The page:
Opposition to Coal Mining and Coal Seam Gas
Climate activist Peter Gardner is completely opposed to any development of coal seam gas (CSG), tight gas, shale gas or any new coal mines in Victoria. He is standing in the seat of Gippsland East in the forthcoming State election as an independent.
Gardner stated that: “All these projects are putting more greenhouse gases in the air when we should be working to avoid them completely. To avoid worst case climate scenarios such as low level runaway global warming we first need to stabilise these emissions and then to quickly reduce them.”
“We have to wean ourselves off dirty coal and any other developments that increase our greenhouse gas output. Escaping methane from gas wells is a far more potent greenhouse gas than carbon dioxide and CSG as an energy source may be no better than dirty coal.”
Gardner’s opposition to coal and CSG is primarily motivated by climate change but he recognises that there are many other objections to this form of mining including the process of fracking, the threat to groundwater, air and water pollution, and the loss of good farming land and Gippsland’s image as clean food producer.
Whilst Gardner’s opposition to CSG and coal mining is obvious his objection to other mining projects is also based on climate change. He states: “All mining projects should be subsidy free and carbon neutral. In particular the large number of vehicles trucking ore concentrates from Benambra to Geelong or from Nowa Nowa to Eden should be taken into account before these operations are allowed to proceed. This includes the proposed mineral sands projects at Mossiface and Glenaladale.” He noted that these projects have many of the same faults as CSG and coal mining.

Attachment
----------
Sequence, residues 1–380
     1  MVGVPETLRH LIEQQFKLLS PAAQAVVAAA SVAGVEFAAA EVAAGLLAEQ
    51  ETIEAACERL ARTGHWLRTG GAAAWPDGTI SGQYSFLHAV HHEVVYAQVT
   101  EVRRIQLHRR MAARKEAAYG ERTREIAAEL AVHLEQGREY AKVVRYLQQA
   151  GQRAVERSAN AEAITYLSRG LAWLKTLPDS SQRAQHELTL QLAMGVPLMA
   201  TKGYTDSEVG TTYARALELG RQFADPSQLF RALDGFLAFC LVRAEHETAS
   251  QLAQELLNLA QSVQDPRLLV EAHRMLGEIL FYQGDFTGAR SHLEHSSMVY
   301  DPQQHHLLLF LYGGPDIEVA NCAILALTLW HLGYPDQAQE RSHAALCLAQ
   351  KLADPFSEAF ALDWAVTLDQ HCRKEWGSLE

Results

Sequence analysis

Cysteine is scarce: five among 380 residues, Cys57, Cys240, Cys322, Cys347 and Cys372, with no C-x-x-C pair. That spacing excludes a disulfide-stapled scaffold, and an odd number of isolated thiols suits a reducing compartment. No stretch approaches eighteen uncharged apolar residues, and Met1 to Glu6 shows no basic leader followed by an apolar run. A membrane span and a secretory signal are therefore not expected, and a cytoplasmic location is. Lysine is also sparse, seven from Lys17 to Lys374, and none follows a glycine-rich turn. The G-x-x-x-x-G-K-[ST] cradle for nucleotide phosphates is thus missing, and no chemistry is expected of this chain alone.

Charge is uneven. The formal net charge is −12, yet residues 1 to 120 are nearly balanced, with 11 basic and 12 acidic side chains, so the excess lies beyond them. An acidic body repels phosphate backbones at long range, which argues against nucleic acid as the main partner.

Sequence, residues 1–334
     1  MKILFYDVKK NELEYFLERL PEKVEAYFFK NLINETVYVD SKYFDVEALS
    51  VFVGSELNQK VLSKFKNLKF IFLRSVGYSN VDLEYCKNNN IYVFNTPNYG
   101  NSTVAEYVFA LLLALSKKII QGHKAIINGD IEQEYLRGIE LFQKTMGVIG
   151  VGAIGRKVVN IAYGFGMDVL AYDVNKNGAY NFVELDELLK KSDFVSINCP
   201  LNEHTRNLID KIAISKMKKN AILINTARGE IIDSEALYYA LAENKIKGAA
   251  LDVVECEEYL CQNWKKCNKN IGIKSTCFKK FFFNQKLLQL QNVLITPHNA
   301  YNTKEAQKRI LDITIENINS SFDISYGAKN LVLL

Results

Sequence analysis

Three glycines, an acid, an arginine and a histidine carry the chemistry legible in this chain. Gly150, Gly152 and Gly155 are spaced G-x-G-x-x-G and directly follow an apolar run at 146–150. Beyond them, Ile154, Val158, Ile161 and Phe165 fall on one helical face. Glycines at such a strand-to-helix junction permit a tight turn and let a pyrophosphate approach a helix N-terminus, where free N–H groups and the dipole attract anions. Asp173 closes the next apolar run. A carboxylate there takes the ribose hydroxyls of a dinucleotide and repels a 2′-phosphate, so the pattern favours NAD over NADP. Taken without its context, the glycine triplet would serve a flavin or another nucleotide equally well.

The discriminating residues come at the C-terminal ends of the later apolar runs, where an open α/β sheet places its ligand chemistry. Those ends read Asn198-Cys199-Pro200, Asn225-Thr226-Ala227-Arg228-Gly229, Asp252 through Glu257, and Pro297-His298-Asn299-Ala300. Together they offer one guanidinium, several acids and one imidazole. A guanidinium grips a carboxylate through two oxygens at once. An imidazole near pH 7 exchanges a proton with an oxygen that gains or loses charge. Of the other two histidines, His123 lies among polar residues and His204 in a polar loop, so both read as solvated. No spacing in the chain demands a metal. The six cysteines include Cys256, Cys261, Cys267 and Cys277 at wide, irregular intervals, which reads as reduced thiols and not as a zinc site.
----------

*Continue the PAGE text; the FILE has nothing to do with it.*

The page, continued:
“I have an unnegotiable position of complete opposition to all CSG, unconventional gas and coal projects. The electors of East Gippsland can send a strong message to Spring St. (and also to Canberra) by giving me your vote before casting your second preference to the party of your choice.”
Gardner is offering a range of policies that he hopes will reinvigorate small country towns as well as starting to reduce emissions and adapt to the warming that is already ‘in the pipeline’.